Final Report: Sustainable Modular Panelized System: Reinventing the Building IndustryEPA Grant Number: SU831855
Title: Sustainable Modular Panelized System: Reinventing the Building Industry
Investigators: Hauptrnan, Jonas , Reister, Ann , Sinha, Arnit , Dingwall, Austin , Grobe, Benjamin , St.Amant, Bill , Feinberg, Fred , Keoleian, Greg , Giles, Harry , D'Agostino, Jeanna , Kumon, Jim , Beeson, John , Schertzing, Kyle , Devore, Lee , Battin, Matthew , Johnson, Megan , Navvab, Moji , Finn, Parker , Bole, Richard , Vogt, Robert , Signor, Steve , Risk, Timothy
Institution: University of Michigan
EPA Project Officer: Page, Angela
Project Period: September 15, 2004 through September 14, 2005
Project Amount: $10,000
RFA: P3 Awards: A National Student Design Competition for Sustainability Focusing on People, Prosperity and the Planet (2004) RFA Text | Recipients Lists
Research Category: Nanotechnology , P3 Challenge Area - Built Environment , Pollution Prevention/Sustainable Development , P3 Awards , Sustainability
Space in our nation’s landfills is rapidly running out due, in a large part, to waste from the residential building industry. To combat this problem, a diverse group of students and faculty from the University of Michigan have begun to rethink conventional building practices and establish a new system through which production waste can be reduced and sustainable and environmentally friendly products can be used in innovative ways. This proposal will design and produce a fully integrated modular panelized building system that integrates multiple building components. The proposed panel-based system will maximize building efficiency, longevity, sustainability and reuse, thereby reducing pollution, inefficiency and landfill waste. Project results were measured and evaluated through simulations and a built prototype that compares traditional and proposed building techniques in terms of consumption of energy, raw material and disposal costs. The panelized system will be implemented through the construction of a solar home built using this new technology. Finally, P3 concepts already play a large role in the education of University of Michigan students. This project will increase the prevalence of these concepts through student course work, collaboration with different University units and private corporations, and through increased involvement with green policy and planning initiatives in Southeast Michigan.
The Michigan Solar House Project (MiSo*) team investigated the feasibility of structural insulated panels (SIPs) as a core component in a sustainable residential building system. Through energy simulation modeling, the original rectilinear building design was deemed insufficiently responsive to climatic variations outside of temperate zones of the United States. Developing a passively performing design, a full-scale building section with a solar chimney was designed and built. Periodic sensor data over a three month period indicated that a solar chimney coupled with thermal mass would be an effective strategy to achieve thermal comfort for much of the year, even in the climate of South Eastern Michigan.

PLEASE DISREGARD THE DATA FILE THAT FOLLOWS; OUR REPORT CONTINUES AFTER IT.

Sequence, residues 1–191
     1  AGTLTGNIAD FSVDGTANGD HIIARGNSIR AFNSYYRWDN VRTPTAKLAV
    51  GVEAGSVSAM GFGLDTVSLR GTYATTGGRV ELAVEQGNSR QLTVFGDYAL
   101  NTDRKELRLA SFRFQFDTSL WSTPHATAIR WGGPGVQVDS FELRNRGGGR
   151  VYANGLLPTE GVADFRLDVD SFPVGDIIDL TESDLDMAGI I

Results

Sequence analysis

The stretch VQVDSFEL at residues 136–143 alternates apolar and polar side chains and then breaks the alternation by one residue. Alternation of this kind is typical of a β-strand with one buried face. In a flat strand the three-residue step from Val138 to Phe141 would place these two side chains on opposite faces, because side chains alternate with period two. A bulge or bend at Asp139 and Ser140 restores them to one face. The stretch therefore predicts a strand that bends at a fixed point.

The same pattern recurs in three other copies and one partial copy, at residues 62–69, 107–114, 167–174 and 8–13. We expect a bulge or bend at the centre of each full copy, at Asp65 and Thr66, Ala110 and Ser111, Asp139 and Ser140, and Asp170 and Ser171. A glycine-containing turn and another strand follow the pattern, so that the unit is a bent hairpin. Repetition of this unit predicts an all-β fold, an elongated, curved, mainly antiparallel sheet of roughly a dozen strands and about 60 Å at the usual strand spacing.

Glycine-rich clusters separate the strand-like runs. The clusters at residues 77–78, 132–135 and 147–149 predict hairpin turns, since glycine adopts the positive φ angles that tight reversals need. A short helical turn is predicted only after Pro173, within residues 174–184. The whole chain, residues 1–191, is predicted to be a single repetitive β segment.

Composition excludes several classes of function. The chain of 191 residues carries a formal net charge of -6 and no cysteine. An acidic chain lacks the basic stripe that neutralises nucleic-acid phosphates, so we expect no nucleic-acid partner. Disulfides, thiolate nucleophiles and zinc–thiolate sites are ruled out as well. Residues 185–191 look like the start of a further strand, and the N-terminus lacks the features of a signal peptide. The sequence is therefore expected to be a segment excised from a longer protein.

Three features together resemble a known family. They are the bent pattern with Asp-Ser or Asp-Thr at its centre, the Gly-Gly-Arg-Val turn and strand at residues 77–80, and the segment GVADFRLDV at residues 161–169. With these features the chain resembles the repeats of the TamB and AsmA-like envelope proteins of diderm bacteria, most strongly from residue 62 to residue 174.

Quantitative Life Cycle Assessment provides an incomplete picture when assessing the environmental impact of a solar building prototype in which there is no grid tie to utilities. A cradle to cradle analysis would provide a more balanced analysis of environmental impact. More in-depth research should be conducted to develop Smart SIPs. This innovation would facilitate electrical and mechanical connections as well as to accommodate future remodeling to residential structures. SIPs are a viable component in the construction of modular housing. The effectiveness of a solar chimney can diminish the overall energy load created over a building’s lifetime. The application of the solar chimney as a passive strategy is not limited to the continental United States. The solar chimney configuration can have wide ranging geographic importance.
Proposed Phase II objectives and strategies:
The MiSo* project’s objective is to continue to refine SIPs into smarter building components within a larger modular system. The objective has two areas that are of specific interest are creating smarter SIPs allowing for interchangeability of the panels as the space program changes and a ‘smart SIP junction box’ enabling easier electrical and plumbing connections. The strategy behind the smarter panel allows for the typical modular SIP panel to remain unintelligent and focusing all of the building systems into the refined SIP sixteen inch wide. These building systems inserted within the redefined “smart” panels include electrical, mechanical and plumbing applications. In comparison to the standard SIP, the “smart” SIP panel allows for minimal installation of systems, saving the consumer labor costs and not compromising the structural integrity of the panel itself. These objectives for creating a smarter panel were evaluated both for their economic benefits or short comings and for their LCA attributes in comparison to the standard SIP panel. The smart SIP junction box’ simplifies floor running conduit into pre-routed areas for ease of connection and service.